Last week I was walking home around 10 pm, and I came upon a couple headed in the same direction. I was walking in step behind them when the girl suddenly veered off to the right with a powerful, stumbling gait to pick up this book off someone’s stoop. The book was titled something like “The Anxiety & Phobia Workbook,” and as I saw the girl go to grab it, I joked, “If you really had anxiety or phobias you wouldn’t want to go anywhere near that book,” because it had been sitting on the street. I don’t know why I said it. It just came out. I don’t know what made me want to reach out to this girl via a jaunty wisecrack on the street, but I do know that I inherited my tendency to always try to connect with strangers from my dad. When you exhibit the blue-collar predilection to wear our oneness on your sleeve, sometimes people look at you like you have two heads, especially in certain New York neighborhoods where pedigree is prized and the illusion of separateness upheld. But I did it, because I let my body take over, like in the ways it takes over when I’m on stage and tells me what to do, what to say, how to say it. On a Friday night, when people are a little buzzed, these larky interactions are more common. People are more willing to take chances because they want to let loose and be free.
She turned to me and said in a sweet and befuddled voice, “But I have anxiety,” and that’s when I realized she was quite drunk. I said, “Well, you might want to take a copy out from the library or buy one at Barnes & Noble. That book probably has bed bugs.” I don’t know if it had bed bugs. It probably didn’t. But it seemed strange that someone with anxiety would take a dirty book off the street, and yet I understand the pull toward any bit of literature that might help. When I was in college I had paralyzing panic attacks, and I remember the first time I saw a pamphlet inside the drug store that I thought might be the key. “Do you have anxiety?,” it asked, in looming, shaky bubble letters that were in themselves anxiety-inducing. “Yes!,” I thought. “Yes! *This* is the name of the fear that makes me want to vomit every day.” What the pamphlet didn’t tell me was what to do about it.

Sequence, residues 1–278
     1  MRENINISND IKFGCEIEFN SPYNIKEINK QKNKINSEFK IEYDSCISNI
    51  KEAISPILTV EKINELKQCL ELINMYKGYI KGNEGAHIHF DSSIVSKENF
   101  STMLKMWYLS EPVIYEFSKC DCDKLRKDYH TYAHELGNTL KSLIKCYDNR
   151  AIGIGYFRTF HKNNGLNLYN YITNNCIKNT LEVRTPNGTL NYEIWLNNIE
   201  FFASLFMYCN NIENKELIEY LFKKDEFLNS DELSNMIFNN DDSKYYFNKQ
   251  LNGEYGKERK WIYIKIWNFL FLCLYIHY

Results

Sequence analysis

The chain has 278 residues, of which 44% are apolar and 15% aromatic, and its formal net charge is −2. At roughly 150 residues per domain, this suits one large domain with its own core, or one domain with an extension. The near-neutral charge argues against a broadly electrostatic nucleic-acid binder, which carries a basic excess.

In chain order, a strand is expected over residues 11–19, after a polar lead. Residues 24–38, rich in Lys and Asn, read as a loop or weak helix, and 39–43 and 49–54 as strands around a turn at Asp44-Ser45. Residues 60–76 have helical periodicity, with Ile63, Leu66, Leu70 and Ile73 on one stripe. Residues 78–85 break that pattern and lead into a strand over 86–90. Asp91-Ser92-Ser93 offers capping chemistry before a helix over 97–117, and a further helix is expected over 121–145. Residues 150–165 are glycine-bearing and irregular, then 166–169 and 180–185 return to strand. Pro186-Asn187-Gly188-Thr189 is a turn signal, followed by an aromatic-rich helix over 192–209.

When the girl came away from the book, the guy who was with her looked at me with a “thank you” face, as if she’d been a handful, and that’s when I realized he didn’t really know her that well. As we walked, I asked if they were a couple, and she blurted out, “No! We just met.” I asked her if she’d ever tried therapy for her anxiety and she said, “Yeah, but my therapist tried to blame everything on my father because he wasn’t there for me when I was a kid, and I didn’t like that.” I said, “Well, everything is childhood.” She said her dad was a doctor, super loving and kind, but one can only imagine probably very busy when she was a kid. I wanted to tell her that love and obligation prevent us from assigning deserved blame to our parents. That you can still love your parents and admit how they failed you. That you can admit how your parents failed you and not love them, too. But I didn’t. Because by then the conversation had veered back to how the couple had just met. We were all walking home together now, talking and figuring it out. At one point the girl said, “This guy’s a Jew.” I laughed and said, “I take it that you’re not Jewish by the fact that you called this guy ‘a Jew.’” He laughed, she said she was Catholic, I think. The guy kept expressing that he thought his new ladyfriend’s behavior was awkward, because she kept switching back and forth between talking about them going home together, him being Jewish and her anxiety. At least I think that’s what he was saying was awkward. Maybe he meant the whole thing. The one night stand, the girl, the book, me. But it seemed to me that he was trying to admit that sometimes we’re so desperate for connection we wind up on a wild journey with a person we don’t know in order to get there. That’s what brought them together, and what brought me to them.